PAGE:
The Role of Political Parties: An Analysis Based on Transaction Costs
This paper explores the proposition that political parties reduce the transaction costs of electoral participation. Political parties provide a low cost signal of a candidate's policies and personal characteristics and, in this way, reduce voters' information costs. With reference to 'transaction cost economics,' political parties offer an 'implicit contract' between voters and politicians and thereby reduce the scope for opportunism by politicians. This impact on transaction costs is important in any evaluation of public policy towards political parties. Copyright 1998 by Kluwer Academic Publishers
References listed on IDEAS
Please report citation or reference errors to , or , if you are the registered author of the cited work, log in to your RePEc Author Service profile, click on "citations" and make appropriate adjustments.:
- Eggertsson,Thrainn, 1990. "Economic Behavior and Institutions," Cambridge Books, Cambridge University Press, number 9780521348911, 1.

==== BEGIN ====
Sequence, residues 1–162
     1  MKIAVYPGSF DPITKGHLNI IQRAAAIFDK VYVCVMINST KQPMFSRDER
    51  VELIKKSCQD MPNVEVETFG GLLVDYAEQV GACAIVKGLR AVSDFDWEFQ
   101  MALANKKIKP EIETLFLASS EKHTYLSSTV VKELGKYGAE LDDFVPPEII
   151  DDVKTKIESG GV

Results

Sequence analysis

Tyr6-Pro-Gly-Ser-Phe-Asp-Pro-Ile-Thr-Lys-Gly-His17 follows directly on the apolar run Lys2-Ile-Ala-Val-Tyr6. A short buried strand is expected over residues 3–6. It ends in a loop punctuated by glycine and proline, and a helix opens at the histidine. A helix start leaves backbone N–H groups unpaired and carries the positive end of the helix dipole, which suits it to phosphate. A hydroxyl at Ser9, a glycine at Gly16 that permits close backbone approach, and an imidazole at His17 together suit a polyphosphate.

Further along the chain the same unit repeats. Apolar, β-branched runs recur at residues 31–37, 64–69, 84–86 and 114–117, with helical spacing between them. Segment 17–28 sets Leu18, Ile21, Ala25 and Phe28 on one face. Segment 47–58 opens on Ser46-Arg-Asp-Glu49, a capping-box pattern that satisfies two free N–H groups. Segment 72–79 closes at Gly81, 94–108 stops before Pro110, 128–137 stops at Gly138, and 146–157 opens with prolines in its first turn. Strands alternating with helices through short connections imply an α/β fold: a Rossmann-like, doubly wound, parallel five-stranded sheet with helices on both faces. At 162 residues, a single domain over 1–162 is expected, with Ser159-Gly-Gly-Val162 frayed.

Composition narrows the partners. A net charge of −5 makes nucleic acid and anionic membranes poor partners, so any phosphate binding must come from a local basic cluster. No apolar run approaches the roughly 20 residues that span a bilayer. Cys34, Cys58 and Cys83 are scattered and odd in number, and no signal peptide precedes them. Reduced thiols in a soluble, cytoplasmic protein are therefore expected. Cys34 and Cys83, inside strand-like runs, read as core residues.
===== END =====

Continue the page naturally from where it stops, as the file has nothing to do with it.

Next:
- Jones, Philip & Hudson, John, 1996. "Standardization and the costs of assessing quality," European Journal of Political Economy, Elsevier, vol. 12(2), pages 355-361, September.
- Maute, Manfred F. & Forrester, William Jr., 1991. "The effect of attribute qualities on consumer decision making: a causal model of external information search," Journal of Economic Psychology, Elsevier, vol. 12(4), pages 643-666, December.
- Wittman, Donald, 1989. "Why Democracies Produce Efficient Results," Journal of Political Economy, University of Chicago Press, vol. 97(6), pages 1395-1424, December.
- Levitt, Steven D, 1994. "Using Repeat Challengers to Estimate the Effect of Campaign Spending on Election Outcomes in the U.S. House," Journal of Political Economy, University of Chicago Press, vol. 102(4), pages 777-98, August.
- George J. Stigler, 1961. "The Economics of Information," Journal of Political Economy, University of Chicago Press, vol. 69, pages 213.
- Schram, Arthur & Sonnemans, Joep, 1996. "Why people vote: Experimental evidence," Journal of Economic Psychology, Elsevier, vol. 17(4), pages 417-442, August.
When requesting a correction, please mention this item's handle: RePEc:kap:pubcho:v:94:y:1998:i:1-2:p:175-89. See general information about how to correct material in RePEc.
For technical questions regarding this item, or to correct its authors, title, abstract, bibliographic or download information, contact: (Sonal Shukla)or (Christopher F. Baum)
If references are entirely missing, you can add them using this form.